In divorce proceedings, one of the very first things the domestic relations court must do is determine what assets are marital property subject to division, and what assets are separate property. A court must divide both marital and separate property equitably. Marital property is presumed to include all property acquired during the marriage or those assets produced or earned as a result of the parties’ mutual efforts during the marriage.
Generally, for property division purposes, property acquired before the marriage is considered separate property. However, this generalized rule does not automatically mean that just because one spouse holds title to property it is automatically separate property. In addition, just because one spouse receives an inheritance or bequest during the marriage, or a gift that has been given only to that spouse, does not mean the acquired asset is the receiver’s in total. It’s still possible for a portion of that property to be transformed into marital property if it appreciates in value as a result of joint efforts. This is called active appreciation.
Active appreciation is defined as an increase in the fair market value as a result of the labor, monetary or in-kind contribution of either or both of the spouses that occurred during the marriage. For example, if you own a business before marriage with a value of $500,000 at the time of marriage, and that same business doubles in value as a result of a spouse’s role in the business, the increase may be considered a result of joint efforts and, therefore, must be considered marital property subject to division.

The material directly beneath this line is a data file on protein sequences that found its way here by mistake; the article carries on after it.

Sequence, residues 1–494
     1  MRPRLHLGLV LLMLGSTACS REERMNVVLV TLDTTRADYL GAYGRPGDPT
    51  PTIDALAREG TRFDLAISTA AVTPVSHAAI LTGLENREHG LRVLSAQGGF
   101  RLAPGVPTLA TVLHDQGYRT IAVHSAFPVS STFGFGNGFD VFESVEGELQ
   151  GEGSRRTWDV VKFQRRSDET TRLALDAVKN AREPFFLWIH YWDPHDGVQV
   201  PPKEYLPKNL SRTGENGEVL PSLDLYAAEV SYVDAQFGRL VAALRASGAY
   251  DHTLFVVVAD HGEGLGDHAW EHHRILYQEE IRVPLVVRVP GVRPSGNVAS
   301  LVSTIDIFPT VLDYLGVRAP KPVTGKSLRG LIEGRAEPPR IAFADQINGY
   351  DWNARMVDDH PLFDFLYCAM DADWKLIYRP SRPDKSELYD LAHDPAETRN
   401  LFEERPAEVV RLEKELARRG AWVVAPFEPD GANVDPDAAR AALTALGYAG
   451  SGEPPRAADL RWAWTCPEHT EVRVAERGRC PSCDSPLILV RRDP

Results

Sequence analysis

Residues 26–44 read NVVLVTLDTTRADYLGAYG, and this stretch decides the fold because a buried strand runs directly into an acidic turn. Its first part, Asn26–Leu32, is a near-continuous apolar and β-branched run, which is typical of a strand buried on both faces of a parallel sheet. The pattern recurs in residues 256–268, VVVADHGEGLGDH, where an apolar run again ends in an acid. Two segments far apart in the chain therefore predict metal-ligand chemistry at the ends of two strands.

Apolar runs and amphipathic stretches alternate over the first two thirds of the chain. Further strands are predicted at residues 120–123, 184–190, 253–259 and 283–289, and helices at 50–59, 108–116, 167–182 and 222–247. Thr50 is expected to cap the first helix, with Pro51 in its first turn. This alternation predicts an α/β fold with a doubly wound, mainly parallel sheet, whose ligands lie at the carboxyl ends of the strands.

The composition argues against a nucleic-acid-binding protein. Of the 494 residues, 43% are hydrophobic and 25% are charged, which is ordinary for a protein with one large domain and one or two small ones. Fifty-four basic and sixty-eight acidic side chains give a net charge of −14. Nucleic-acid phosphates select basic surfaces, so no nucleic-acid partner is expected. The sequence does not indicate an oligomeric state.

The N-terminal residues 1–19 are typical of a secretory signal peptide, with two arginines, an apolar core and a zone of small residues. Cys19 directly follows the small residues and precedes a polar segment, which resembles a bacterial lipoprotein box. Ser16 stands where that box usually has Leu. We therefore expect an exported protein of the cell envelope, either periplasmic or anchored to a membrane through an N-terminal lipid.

As a matter of course, a spouse has the ability to convert separate property into marital property through his or her actions during a marriage. Even an inconsiderable contribution to the growth of the company can convert a family-owned company into marital property subject to equitable distribution. When parties contest whether an asset is marital or separate property, it is presumed to be marital property unless proven otherwise.
In the absence of a prenup that provides otherwise, there are multiple angles and arguments to attack the separate nature of a business interest. The court relies on Ohio law to equitably divide property, entitling a spouse to a portion of your business’s appreciation in value, business assets and a portion of the company’s retained earnings. A carefully crafted prenup can protect your business by keeping the foregoing a separate premarital asset.
While a prenup can be drafted to waive any interest in property acquired by one spouse during the marriage, as well as any rights and interests in income or profits gained therefrom, it does not, however, have to exclude the other spouse from access to your business assets entirely. Prenups can be advantageous by simply providing the valuation method in case of divorce.
These contracts can be drafted to meet your desires, provide financial security in a marriage, and prevent the intrusive review of business records in the event of divorce proceedings.
Rabb is an attorney with Cleveland- based McCarthy, Lebit, Crystal & Liffman.